As part of a pilot project in Uganda, Refugees United is using mobile tools to help connect refugees who have been displaced by war, persecution, and natural disasters. Refugees United is a Danish NGO that designed and runs a web-based program to help people directly reconnect with missing loved ones. For the mobile pilot, it is working in conjunction with the UN High Commissioner for Refugees (UNHCR), mobile phone maker Ericsson, MTN, a mobile telecommunications company in Africa and specifically MTN Uganda, as well as other partner organizations on the ground.

Basic Information
Organization involved in the project?: 
Project goals: 

The goal of the mobile pilot is to perform outreach, training, and registration at refugee camps in Uganda and analyze results.

Brief description of the project: 

Refugees United is doing a six-month mobile pilot program in Uganda that allows refugees to register via mobile phone for a service that helps them connect with missing family members.

Target audience: 

The target audience for the mobile pilot is refugees in Uganda who are looking for missing family members.

Detailed Information
Length of Project (in months) : 
What worked well? : 

The Refugees United pilot leveraged a technology -- the basic mobile phone -- that users are familiar with. Another success is the strength of the partnerships involved with the program. Refugees United drew from the existing local knowledge of organizations on the ground.

What did not work? What were the challenges?: 

Safety and trust within the system are ongoing concerns.

Refugees United

Posted by MelissaUlbricht on Oct 27, 2010

Refugees United helps to empower refugees by using an internet search tool to help people directly reconnect with missing loved ones. The NGO administers a database without involvement from third parties. Registration and use allows for full anonymity.

Organization Type: 
Aldersrogade 8, st DK-2100 Copenhagen

Tagged With:

The Mobile Minute: Mobile Web in the Aussie Elections, the Kenyan Mobile Price War, and Refugees Turn to Mobiles

Posted by AnneryanHeatwole on Sep 14, 2010


Today's Mobile Minute brings you coverage on Australia's record mobile web usage during the recent elections there, how telecom's price wars in Kenya have pushed down prices, why carriers may have raised the price of Google's Nexus One, a project Ugandan refugees using mobiles to find missing family, and competition for data-enabled handsets in Africa.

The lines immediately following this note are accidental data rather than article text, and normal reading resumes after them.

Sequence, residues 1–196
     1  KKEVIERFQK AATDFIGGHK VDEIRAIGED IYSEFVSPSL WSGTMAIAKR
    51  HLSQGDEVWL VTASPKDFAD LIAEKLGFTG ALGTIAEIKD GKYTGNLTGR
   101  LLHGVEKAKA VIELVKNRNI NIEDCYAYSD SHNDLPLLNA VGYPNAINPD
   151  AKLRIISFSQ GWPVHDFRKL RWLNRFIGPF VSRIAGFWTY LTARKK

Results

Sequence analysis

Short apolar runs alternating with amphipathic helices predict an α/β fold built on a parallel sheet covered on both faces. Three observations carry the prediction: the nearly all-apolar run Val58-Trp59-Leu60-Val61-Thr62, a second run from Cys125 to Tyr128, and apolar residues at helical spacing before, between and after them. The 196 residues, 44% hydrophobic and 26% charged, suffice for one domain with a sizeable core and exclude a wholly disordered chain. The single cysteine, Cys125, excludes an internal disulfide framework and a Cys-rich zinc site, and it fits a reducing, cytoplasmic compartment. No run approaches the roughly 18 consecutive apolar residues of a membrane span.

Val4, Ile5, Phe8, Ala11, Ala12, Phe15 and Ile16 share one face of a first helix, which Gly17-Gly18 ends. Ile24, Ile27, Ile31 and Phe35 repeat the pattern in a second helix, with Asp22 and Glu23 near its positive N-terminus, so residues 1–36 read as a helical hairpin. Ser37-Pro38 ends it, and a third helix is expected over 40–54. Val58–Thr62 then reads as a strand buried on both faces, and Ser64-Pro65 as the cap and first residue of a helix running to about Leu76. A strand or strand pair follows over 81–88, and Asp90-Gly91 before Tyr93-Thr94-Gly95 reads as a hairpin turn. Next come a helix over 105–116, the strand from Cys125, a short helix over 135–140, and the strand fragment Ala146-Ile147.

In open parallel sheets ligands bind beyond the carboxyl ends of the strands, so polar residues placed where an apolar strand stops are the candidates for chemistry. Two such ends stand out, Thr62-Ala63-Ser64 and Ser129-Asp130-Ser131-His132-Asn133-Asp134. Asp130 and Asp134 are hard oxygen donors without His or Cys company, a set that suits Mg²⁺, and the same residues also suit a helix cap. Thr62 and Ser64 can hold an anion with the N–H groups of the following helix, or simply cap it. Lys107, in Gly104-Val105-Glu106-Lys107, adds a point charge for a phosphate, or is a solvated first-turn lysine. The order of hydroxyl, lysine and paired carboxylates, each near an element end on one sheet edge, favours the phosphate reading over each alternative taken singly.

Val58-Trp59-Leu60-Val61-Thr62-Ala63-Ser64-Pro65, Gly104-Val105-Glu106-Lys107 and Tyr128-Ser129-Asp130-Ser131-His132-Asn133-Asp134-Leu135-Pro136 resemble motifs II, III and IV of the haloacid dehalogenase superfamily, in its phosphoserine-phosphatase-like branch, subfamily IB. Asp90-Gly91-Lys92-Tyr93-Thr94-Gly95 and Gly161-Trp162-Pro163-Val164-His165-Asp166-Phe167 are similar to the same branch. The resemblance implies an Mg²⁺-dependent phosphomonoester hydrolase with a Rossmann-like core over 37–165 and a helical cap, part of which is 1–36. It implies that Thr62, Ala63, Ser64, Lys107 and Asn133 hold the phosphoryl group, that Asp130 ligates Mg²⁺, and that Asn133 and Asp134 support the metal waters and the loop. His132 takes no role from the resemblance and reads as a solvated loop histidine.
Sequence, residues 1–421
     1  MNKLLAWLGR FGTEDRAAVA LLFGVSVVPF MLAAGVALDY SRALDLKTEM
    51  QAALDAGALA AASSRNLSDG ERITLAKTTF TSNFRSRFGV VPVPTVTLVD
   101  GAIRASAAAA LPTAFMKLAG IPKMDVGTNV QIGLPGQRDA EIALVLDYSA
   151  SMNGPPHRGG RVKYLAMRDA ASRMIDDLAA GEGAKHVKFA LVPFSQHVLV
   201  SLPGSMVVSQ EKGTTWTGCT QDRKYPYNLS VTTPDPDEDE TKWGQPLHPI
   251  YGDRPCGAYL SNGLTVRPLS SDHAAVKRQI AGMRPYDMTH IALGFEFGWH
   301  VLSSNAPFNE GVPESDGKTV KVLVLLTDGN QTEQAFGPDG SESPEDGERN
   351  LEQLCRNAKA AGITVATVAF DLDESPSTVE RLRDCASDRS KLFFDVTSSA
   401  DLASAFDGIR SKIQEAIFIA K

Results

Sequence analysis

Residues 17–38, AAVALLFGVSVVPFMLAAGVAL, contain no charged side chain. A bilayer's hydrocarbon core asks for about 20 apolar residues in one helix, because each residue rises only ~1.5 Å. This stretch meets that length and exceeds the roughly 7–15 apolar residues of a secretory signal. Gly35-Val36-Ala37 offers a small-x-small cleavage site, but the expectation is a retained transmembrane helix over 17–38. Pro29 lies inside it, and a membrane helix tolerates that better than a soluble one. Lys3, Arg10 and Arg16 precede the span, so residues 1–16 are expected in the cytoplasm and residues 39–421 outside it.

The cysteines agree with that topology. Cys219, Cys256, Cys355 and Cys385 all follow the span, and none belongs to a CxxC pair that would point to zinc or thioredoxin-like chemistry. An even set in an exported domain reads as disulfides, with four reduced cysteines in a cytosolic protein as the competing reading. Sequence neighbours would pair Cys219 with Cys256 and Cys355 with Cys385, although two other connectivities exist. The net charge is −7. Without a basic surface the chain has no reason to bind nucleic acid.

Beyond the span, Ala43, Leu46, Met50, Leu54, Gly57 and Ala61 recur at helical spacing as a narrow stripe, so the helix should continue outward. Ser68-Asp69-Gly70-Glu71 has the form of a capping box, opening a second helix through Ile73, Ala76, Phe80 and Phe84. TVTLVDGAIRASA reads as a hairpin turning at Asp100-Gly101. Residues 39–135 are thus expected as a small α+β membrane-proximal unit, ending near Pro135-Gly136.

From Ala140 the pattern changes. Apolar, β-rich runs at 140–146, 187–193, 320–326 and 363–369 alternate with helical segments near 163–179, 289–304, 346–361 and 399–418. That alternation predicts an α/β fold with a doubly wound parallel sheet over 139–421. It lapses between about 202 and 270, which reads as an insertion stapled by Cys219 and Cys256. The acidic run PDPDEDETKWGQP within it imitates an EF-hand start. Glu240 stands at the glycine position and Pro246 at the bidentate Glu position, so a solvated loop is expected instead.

Peace Corps

Posted by AnneryanHeatwole on Sep 01, 2009

The Peace Corps traces its roots and mission to 1960, when then-Senator John F. Kennedy challenged students at the University of Michigan to serve their country in the cause of peace by living and working in developing countries. From that inspiration grew an agency of the federal government devoted to world peace and friendship. Since that time, more than 195,000 Peace Corps Volunteers have served in 139 host countries to work on issues ranging from AIDS education to information technology and environmental preservation.

Organization Type: 
Washington, D.C.

Can Social Networking Be Used for Social Change?

Posted by sharakarasic on Nov 19, 2008

On day three of MobileActive ’08, I attended a session led by engineer Blaine Cook, formerly Twitter’s Chief Architect.

Cook summarized what the group was looking for:

“We would like an ongoing, up-to-date tool. A migration tool that keeps us moving from one social network to the next so NGO’s can move and migrate from platform to platform. We need the ability for any one organization to connect with any other organization.”

Mixit was mentioned as a useful tool, but Cook noted cross-border interoperability issues: Mixit requires GPRS which isn’t that credible across borders. Using a SIM card costs a lot to text across borders. Cook suggested that there could be a network where you send to SIM chip in Uganda from Uganda, but set up a network with nodes to dramatically cut costs of cross-border activism.

Cook said that it costs around $20,000-30,000 for a short code in the US and you can send as many SMS’s as you like. He mentioned that Twitter got a bill for $37,000 in Egypt for only 6000 Twitter users.

Mobile phone lifeline for world's poor

Posted by Simon Pavitt on Feb 23, 2008

There's a great article about spread of mobile phones in India and Africa on the BBC News website.

For instance, it mentions how migrant Zimbabwean workers in South Africa send money back using M-banking and avoid having to pay bribes to border guards when they go home.

SOS SMS: A Text Helpline for Philippine Workers

Posted by CorinneRamey on Feb 14, 2008

A single computer, hooked up to a modem in Bobby Soriano's house in the Philippines, receives a steady of stream of text messages begging for help. There have been messages from Philippine seamen, who, after being accused of the murder of a Korean captain, were forced to confess by Omani police. There was a Philippine domestic worker in Lebanon who was forced to flee to the mountains to escape Israeli bombings, and a message from twenty Philippine sailors who were evicted from their ship by police near Denmark. In each of these cases, a single SMS message with the keyword "SOS" was sent to a hotline in the Philippines, activating a network of nonprofits and government agencies to come to the workers' rescue.

Artivists and Mobile Phones: The Transborder Immigrant Project

Posted by CorinneRamey on Nov 18, 2007

Editor's NOTE, September 2010: The Transborder Immigration Tool has, since this post was first put online in 2007, generated quite a bit of controversy. As far as we know, the tool was never deployed with anyone (we are checking with Ricardo Dominguez on the state of development of the tool) but since then has risen to the attention (as the art project/concept/idea) of even Glenn Beck, a US conservative commentator. A YouTube video of Ricardo describing the project from April 2010 is here, and an article in the San Diego City Beat outlines the political story of the last year of the Transborder Immigration Tool.